Wells College
Political Science 365
Government and Politics in Industrial Countries
Spring 2000

Instructor:  Tukumbi Lumumba-Kasongo
Cleveland 108
Telephone: 364-3220
Office Hours:
Monday 11:00A.M.--12:00 P.M.
Thursday 2:00P.M.--5:00 P.M.

Required Texts:

Curtis Ammendola, Blondel Gladdish and Kommers Lancaster, Western European Government and Politics, 1997.

Michael Newman, Democracy, Sovereignty, and The European Community, St. Martin, 1996 (on Reserve in the Library).

Michael Gallagher, Michael Laver, and Peter Mair, Representative in Western Europe, 1995 (on Reserve in the Library).

Purnendra Jain and Takashi Inoguchi (eds). Japanese Politics Today: Beyond Karaoke Democracy, St. Martin.

David Beetham and Christopher Lord, Legitimacy and European Union, Longman, 1998.

Course Description:

In this course, we will examine comparatively the political institutions, political agencies, and elements of political culture in Europe, Japan, and the United States, and the global politics as reflected in the debates and decision making in the European Community, the European Union, and the world politics.  What do those industrial countries have in common in terms of the decision making process, people’s involvement in changing political elites, power allocation, and the role and nature of their public administration and the civil society in political development?  Other issues to be discussed will include public policy, migration, women in politics, and labor/business in industrial countries.


(1) Participation (10%)
(2) Any late work and unjustified absence will be penalized. The penalty will be reflected on the final grade. The following policy on the unjustified absences will be applied:

 (a) For two absences, 15 points will be deducted from the total grade;
(b) For three and four absences, 25 points will be deducted from the total grade;
(c) For five absences, 35 points will be deducted from the total grade;
(d) And for 6 or more absences, students will lose the entire grade for this course.

(3) First paper (30%);
(4) Class presentation (20%);
(5) Final Paper (40%);

First paper

Student will write a short essay of between 12 and 14 pages, typed and double-spaced with all references.  The minimum number of references is 6 and the maximum is 10.  The theme for the essay is:

“One of the common characteristics of the liberal democracies in industrial countries is voting; compare and contrast the behavior of the labor union or labor movement and the nature of its organization within the multiparty politics in influencing the voting patterns and their outcomes in Belgium, Switzerland, and United States.”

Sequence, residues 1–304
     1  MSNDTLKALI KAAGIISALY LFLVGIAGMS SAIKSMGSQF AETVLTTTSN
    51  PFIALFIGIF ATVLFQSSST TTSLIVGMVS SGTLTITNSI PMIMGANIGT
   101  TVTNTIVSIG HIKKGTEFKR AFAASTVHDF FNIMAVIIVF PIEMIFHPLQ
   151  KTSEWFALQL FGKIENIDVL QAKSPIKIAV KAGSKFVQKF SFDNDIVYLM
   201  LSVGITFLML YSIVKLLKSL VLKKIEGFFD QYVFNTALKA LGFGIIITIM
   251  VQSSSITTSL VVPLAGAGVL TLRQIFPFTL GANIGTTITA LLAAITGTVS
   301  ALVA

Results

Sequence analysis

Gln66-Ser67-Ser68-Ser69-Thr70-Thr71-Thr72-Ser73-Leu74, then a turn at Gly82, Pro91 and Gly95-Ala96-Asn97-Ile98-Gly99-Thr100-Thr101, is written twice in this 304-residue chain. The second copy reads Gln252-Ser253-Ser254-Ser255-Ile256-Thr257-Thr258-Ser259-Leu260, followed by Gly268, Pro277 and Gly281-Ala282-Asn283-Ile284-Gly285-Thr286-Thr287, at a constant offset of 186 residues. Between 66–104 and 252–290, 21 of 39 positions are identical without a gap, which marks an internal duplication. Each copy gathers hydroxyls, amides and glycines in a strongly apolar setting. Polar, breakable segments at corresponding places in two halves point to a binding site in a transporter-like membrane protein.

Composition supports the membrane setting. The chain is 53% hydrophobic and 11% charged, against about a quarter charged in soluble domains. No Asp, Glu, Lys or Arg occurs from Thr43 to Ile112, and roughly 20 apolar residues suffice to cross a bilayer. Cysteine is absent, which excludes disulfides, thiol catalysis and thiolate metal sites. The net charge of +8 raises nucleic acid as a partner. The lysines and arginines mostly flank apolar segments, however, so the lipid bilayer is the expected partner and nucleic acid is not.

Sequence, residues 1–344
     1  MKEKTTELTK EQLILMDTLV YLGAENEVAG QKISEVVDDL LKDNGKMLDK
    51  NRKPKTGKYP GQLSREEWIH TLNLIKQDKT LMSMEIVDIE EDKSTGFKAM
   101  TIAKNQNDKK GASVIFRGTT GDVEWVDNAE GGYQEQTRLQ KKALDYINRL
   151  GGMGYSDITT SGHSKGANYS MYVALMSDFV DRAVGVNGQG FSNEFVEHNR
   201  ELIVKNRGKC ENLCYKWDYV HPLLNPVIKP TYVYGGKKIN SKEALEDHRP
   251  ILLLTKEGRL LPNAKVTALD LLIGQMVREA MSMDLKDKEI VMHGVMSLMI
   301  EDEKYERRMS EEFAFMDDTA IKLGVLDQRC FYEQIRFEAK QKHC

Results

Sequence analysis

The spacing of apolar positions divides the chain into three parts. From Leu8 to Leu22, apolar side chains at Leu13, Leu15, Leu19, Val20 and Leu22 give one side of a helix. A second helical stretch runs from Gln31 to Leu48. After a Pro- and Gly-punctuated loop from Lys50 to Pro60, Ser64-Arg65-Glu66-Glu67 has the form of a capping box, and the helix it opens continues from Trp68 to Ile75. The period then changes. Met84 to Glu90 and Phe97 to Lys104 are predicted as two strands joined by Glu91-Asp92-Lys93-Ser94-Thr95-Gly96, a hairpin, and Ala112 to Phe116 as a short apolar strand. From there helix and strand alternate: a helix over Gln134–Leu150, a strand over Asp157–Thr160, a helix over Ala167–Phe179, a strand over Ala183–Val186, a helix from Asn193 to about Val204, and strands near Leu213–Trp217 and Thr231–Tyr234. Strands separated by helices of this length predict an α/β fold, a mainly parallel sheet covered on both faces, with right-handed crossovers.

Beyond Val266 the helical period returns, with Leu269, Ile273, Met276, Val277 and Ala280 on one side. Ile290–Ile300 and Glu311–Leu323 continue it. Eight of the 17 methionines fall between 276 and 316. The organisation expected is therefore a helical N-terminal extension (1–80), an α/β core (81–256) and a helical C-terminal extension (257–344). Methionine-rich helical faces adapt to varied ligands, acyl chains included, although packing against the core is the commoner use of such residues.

Some of the issues to be considered in your essay include how much a labor union or movement can effectively influence the voting and the role that legislation and money can play in the process.   If the labor union or movement fails to influence a given political party at the time of an election, what does happen to it or to its votes?  What are the factors that may weaken a union to act collectively?  The paper is due on March 13, 2000 at 5:00 p.m.

Class Presentations

Each student will make a class presentation of 15-20 minutes on one of the broad topics suggested below:

(1) Women and political participation in two industrial countries;
(2) Policy and Politics of industrialization and the Welfare in Japan and France;
(3) United States Foreign Policy compared to this of Germany;
(4)  European Union and the NAFTA;
(5)  Party Politics and Nationalism in Belgium and Canada;
(6) Italian Elections and Political mobilization;
(7) The Youth and Politics in The Netherlands;
(8)  And Welfare Politics and Policies in Norway and Sweden.

NB. Make sure to choose a specific period for your research project.

Final paper

Each student is free to choose any topic that she is interested in that was not fully or adequately discussed in this class.   Students can use materials from class presentation in the final paper. The length of this research paper is 15-20 pages typed double-spaced with references.  The minimum number of references is 9 and the maximum is 13.  The paper is due on May 15, 2000 at 5:00 p.m.


1/31- Introduction: Objectives, requirements, the issues, and the themes of the discussion and Issues in the European Politics, Western European Government and Politics, chapter 1  and Japanese Politics, pages 1-9.

2/7-Government and Politics in Great Britain
Western European Government and Politics, chapter 2.

2/14-Government and Politics in France
Western European Government and Politics, chapter 3.

2/21-Party Politics and Some Features of National Elections in Japan
 Japanese Politics Today, chapters 2 and 3.

2/28-Government and Politics  in Germany
Western European Government and Politics, chapter 4.

3/6-Change in the Japanese Legislative System
 Japanese Politics Today, chapter 4.

3/13-Government and Politics in Italy
Western European Government and Politics, chapter 5.

3/27-Political Reforms and Bureaucracy in Japan
 Japanese Politics Today, chapters 6 and 7.

4/3-Government and Politics in Spain
 Western European Government and Politics, chapter 6.

4/10- Government and Politics in the Netherlands
Western European Government and Politics, chapter 7.

4/17- Question of Legitimacy and Identity in European Union
 Legitimacy and the European Union, chapters 1 and 2.

4/24-Business and Public Policy in Japan
 Japanese Politics Today,  chapters 8 and 10.

5/1-The Role of the Media in Liberal Politics and Democracy in European Union
 Legitimacy and the European Union, chapter 3.
Film of “The Myth of the Liberal Media,” will be shown in class (60 minutes).

5/8- Class Presentations
Biography and Research Projects
Course List and Suggested Reading
Email the Professor

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